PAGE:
The debate over the relative merits of a true (direct) democracy and a representative democracy (republic) has been around since before our country's founding. We talk about America as being a "democracy," when in tact it is not. The notion that America is a democracy and that elected officials should at all times heed the voters' wishes has become pervasive. Nevertheless, as a newly elected legislator in 2012, I thought it incongruous that I was elected to do the best job possible but also relegated to being merely a poll taker rather than a deliberative statesman. Over time, my observations led me to realize that legislators have different understandings of their legislative roles. Furthermore, something as seemingly innocuous as their perception of their roles results in a dramatic schism in voting behavior among elected officials. The question at hand: Should elected officials vote according to what they believe is best (presumably what they portrayed to voters prior to their election), or should they repress personal beliefs in deference to the perceived wishes of their constituents?
Political scientists assign terms to the roles that elected officials assume when considering how to vote. In the role of delegate, elected officials believe they ought to act as the voice of those who are not present. Delegates vote according to the wishes of their constituents and do not otherwise exhibit autonomy. In the role of trustee, elected officials believe they ought to "do the right thing," even if that means going against the short-term interests of their constituents, who rely on them for their competence and judgment.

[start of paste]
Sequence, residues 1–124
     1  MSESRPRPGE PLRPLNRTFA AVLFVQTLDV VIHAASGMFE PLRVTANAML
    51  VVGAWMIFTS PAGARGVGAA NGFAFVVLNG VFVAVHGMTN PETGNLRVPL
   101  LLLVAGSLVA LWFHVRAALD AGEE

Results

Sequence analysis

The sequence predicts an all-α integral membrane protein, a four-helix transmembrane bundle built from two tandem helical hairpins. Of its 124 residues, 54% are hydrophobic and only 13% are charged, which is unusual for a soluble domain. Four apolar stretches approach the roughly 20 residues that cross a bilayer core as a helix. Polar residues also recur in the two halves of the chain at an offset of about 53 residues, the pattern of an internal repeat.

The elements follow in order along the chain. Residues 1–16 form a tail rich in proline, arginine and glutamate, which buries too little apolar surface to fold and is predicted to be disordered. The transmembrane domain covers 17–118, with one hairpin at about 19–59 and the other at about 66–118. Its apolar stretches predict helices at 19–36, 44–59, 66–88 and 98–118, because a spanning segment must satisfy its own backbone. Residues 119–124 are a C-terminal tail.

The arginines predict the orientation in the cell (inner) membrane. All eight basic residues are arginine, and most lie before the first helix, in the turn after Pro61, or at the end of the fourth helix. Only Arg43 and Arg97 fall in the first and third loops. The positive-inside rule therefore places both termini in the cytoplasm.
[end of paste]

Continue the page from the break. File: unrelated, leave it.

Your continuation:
For centuries, elected officials have struggled with these roles. In a speech supporting the role of trustee, Edmund Burke said in 1774, "Your Representative owes you, not his industry only, but his judgement; and he betrays, instead of serving you, if he sacrifices it to your opinion." He further said, "Government and Legislation are matters of reason and judgement, and not of inclination; and, what sort of reason is that, in which the determination precedes the discussion; in which one set of men deliberate, and another decide" (1999, 11).
Elected officials acting in the different capacities behave and legislate in dramatically different fashions. My assessment of the practical nature of the two roles, based on my legislative experience, is shown in figures 1 and 2.
Figure 1, "Legislating as a Trustee," is simple. When...